Now his reading specialist training helps him guide students through key texts like the Declaration of Independence. “We spend two class periods dissecting it,” he says. Students identify key words in the first two paragraphs and consider why those words were chosen. Arriving at the list of charges against King George III, Aldridge asks students to reword each accusation as concisely as possible. He likens this exercise to the “six-word memoir” writers use to sharpen their skills. He has not entirely forgotten his language arts training.
He also uses documents to arrest students’ attention.
“I love reading Lincoln’s speech at Independence Hall aloud to students,” Aldridge says. On the way to his first inauguration, Lincoln stopped in Philadelphia. He declared that the principles of the Declaration, which motivated the Revolution, would guide his presidency, concluding, “I was about to say, I would rather be assassinated on this very spot than surrender [those principles].” After reading that line, Aldridge pauses, waiting for it to sink in.
Studying Lincoln’s Decisions . . . To Understand His Greatness
He admits to a “hero-worship” of Lincoln. Yet as he begins teaching about him, “I first try to tear him down to a human level. I say, ‘Look at this gaunt man with rudimentary education. Why would we ever put him on such a pedestal?’” Some students nod in agreement. Others protest. “Eventually, one of the kids will call me out. When you look at my classroom, there are more pictures of Lincoln on the walls than of anything else.
“Then we start building Lincoln back up. We read excerpts of the Lincoln-Douglas debates. We look at the five preceding presidents, none of whom were reelected even though none dared to touch the slavery issue. Then we look at the election of 1860 and Lincoln’s first days in office. I say, ‘If things go to pieces, Lincoln will go down as the worst president in US history: the guy who ripped the country in half! So, let’s talk about the decisions he has to make. Should he resupply Ft. Sumter?”
By the time students read Lincoln’s Emancipation Proclamation, they think so well of him that that they can’t believe Lincoln wrote the provision allowing any state that came back to the union before January 1, 1863 to keep its slaves. “You wrote this,” they say to Aldridge, “he didn’t write this!” Aldridge assures them, “This is the real document.” Then he explains the political context. Union forces had won few victories, and casualties were shockingly high. Irish Americans opposed to the draft rioted in New York City. Still, Lincoln decided to emancipate the slaves in the rebelling states, telling them, “This will be your punishment if you don’t rejoin the union. And he knew they wouldn’t,” Aldridge said.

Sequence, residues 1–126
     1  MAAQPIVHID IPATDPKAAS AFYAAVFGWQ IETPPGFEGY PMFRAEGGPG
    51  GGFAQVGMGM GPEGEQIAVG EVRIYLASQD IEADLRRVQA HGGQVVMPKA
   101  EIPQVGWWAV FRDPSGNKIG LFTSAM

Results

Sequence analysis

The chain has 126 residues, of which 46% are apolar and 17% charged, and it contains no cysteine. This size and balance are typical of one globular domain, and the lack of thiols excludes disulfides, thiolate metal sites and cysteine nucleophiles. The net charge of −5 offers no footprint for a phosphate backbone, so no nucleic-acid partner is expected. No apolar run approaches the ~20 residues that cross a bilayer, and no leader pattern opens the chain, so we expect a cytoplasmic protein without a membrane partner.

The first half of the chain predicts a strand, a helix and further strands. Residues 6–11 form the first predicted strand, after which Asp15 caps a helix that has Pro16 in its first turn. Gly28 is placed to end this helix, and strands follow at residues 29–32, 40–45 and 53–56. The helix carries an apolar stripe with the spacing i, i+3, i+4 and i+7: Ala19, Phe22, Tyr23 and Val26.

He continues, always putting Lincoln’s decision-making in context. Lincoln proposed the 13th Amendment after asking Frederick Douglass’s advice—and after the win at Gettysburg. “For someone who had not even thought about emancipation three years earlier, to now ask for a constitutional amendment emancipating all the slaves was a huge evolution. Can you imagine the political pressure he felt while rounding up the votes for it?”
Helping Students Find a Voice … and Their Responsibility
Aldridge’s questions engage students in history’s ethical challenges. “They want to be engaged,” he says. “Everybody wants to have a voice.” He tells students they also have “a responsibility” to preserve the gift of self-government. “This gift is very fragile.” Protecting it requires careful attention to facts. “Go to the real source, not the secondary source,” he advises. “You heard that on the news, but did you listen to the whole interview, or to just one snippet” chosen to provoke a reaction?
He emphasizes that what unites all Americans is a common pursuit of opportunity. Yet preserving this common ground means addressing the barriers to opportunity some citizens face.
“We’re still in a post-Reconstruction world. Why can’t we figure this out?” Aldridge asks. “Why does Supreme Court Justice Clarence Thomas hide his law diploma, lest others think he got the opportunity to go to Yale only because of the color of his skin? He still had to do the work! Instead of being ashamed of how we got the opportunity, why not create more opportunities for more people?
What a Good Teacher Does
Some students opt to do what he himself did: join the military. When they do, Aldridge gives them a challenge. “You’ll be asked to swear an oath to defend the Constitution with your life. Before you do, read it.” Aldridge himself first read the Constitution after he was sworn in, after his father took him to lunch and challenged him, “Would you do it? Die for the Constitution?”
“I was 18 years old and sure of myself. I said I would. ‘Have you ever read it?’ he asked. I went home and read it. Years later, after I’d begun teaching, I told Dad what he’d prompted me to do. I still would die for it, I said. Would he? He’d spent 22 years in service.
“‘Son, I never read it,’ he replied. ‘But that’s what a good teacher does, huh? Makes you think?’”
Aldridge laughs. Each generation gives something to the next. Our task, he says, is to give those who follow us more opportunity—and more education in how to use it.